While my husband took the children for some serious haggling for leather handbags, belts and watches in the old town, I wandered around the imposing Palace of the Grand Masters, the largest building in the medieval city, with its majestic stone walls and grand staircase leading the upper floor, paved with mosaics.

The city of Rhodes is a magnet for tourists, but you escape the crowds in shady tavernas in the old town.

After that, we headed for beaches on the east coast, avoiding Faliraki in search of some peace and quiet.

Lindos, further south, has a fantastic beach and was about the only stunning resort I remembered from my last visit.

Although busier than it was 20 years ago, with new hotels along the coast, this area is little changed; two beautiful sheltered bays between a rocky hill, its peak dominated by the acropolis of Lindos, sitting above the whitewashed houses of the village with their pebble-paved courtyards and narrow alleys.

It was too hot to walk to the top, but many people take the traditional transport - a donkey - for the princely sum of five euros.

Away from the traffic of Lindos, we opted for the quieter beach of Agathi, 15 minutes south of Kolymbia, which boasts free sun loungers, meltingly soft sand and shimmering, crystal clear blue water which deepens so slowly it is quite safe for children.

A boat-owner took my son waterskiing for 20 euros, while others preferred ‘wet and wild’ rides on ringos behind the speedboat.

On another day we found the nearby shingle beach of Stegna, a pretty fishing village near the town of Archangelos, famed for its pottery and carpet-making. Stegna is the only place where I have hired a sun lounger and been presented with fresh figs from the owner’s garden.

For windsurfing you’re better off on the west coast, where the sea is rougher and the coastline less commercial.

Further inland, past the well-worn tourist attraction of Epta Piges, famed for its pines, plane trees and spring water, we drove through unspoilt villages including Archipoli and Psinthos, largely ignored by tourists.

Inland villages have whitewashed houses and their own churches and squares. Apparently, Greeks don’t like being seen in places without squares, traditionally their meeting point where locals discuss the day’s events.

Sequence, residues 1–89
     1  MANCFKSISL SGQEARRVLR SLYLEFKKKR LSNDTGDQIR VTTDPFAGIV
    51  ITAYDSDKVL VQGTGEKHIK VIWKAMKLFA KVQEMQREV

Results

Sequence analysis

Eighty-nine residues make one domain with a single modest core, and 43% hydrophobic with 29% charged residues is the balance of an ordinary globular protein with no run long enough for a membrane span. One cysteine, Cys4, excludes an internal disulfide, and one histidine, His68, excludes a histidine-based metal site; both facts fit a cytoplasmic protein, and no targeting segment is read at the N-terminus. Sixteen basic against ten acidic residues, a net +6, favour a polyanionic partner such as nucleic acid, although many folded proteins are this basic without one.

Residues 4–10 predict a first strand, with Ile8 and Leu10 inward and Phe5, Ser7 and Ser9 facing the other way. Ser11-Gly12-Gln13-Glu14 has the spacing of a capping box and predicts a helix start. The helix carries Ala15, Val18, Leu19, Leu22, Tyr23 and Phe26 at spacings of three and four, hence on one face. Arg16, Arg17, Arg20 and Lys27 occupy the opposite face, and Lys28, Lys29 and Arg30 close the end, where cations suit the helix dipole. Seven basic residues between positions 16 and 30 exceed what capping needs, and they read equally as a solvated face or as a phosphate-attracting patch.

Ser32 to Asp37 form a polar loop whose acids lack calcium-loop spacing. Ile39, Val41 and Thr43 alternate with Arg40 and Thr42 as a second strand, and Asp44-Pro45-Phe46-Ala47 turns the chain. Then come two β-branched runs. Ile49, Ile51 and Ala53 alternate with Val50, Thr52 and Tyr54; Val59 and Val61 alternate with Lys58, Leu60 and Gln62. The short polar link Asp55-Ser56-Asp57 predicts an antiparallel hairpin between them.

Even in villages, the locals have a smattering of English. Off the beaten track, tavernas use food from local farms.

Here, a meze - a mix of traditional dishes which might include Greek salad, village sausage, griddled goat meat, stuffed vine leaves, saganaki (pan-seared cheese), fried aubergines, courgettes and sometimes courgette flowers stuffed with Feta cheese and fresh chilli - is half the price and offers twice the freshness of many resort restaurant.

To the west, Embonas is the main wine-making region and you can visit the Emery Wine Factory, which produces much of the wine on the island, for a tasting.

Further south west in Siana, you can pick up some local honey and a bottle of suma, the infamous 70% proof firewater. – HANNAH STEPHENSON

Key facts - Rhodes

:: Best for: Summer sun, good beaches and history.

:: Time to go: June, before temperatures hit summer peak.

:: Don’t miss: Old Rhodes town, steeped in history and bargains galore.

:: Need to know: Go inland or to the west to escape the tourist trail.

:: Don’t forget: High factor sun cream - for 40C temperatures in July

and August.

Travel facts

Hannah Stephenson was a guest of First Choice Holidays which offers seven nights’ all-inclusive at the five-star Holiday Village Rhodes in early May from �584 (two sharing), with flights ex-Stansted.

Reg deps incl Manchester (�764) and Glasgow (�678).

Reservations: 0871 200 4455 and

Rodos Cars delivers and collects a car at the airport or hotel of your choice, free of charge. Visit, or e-mail the firm at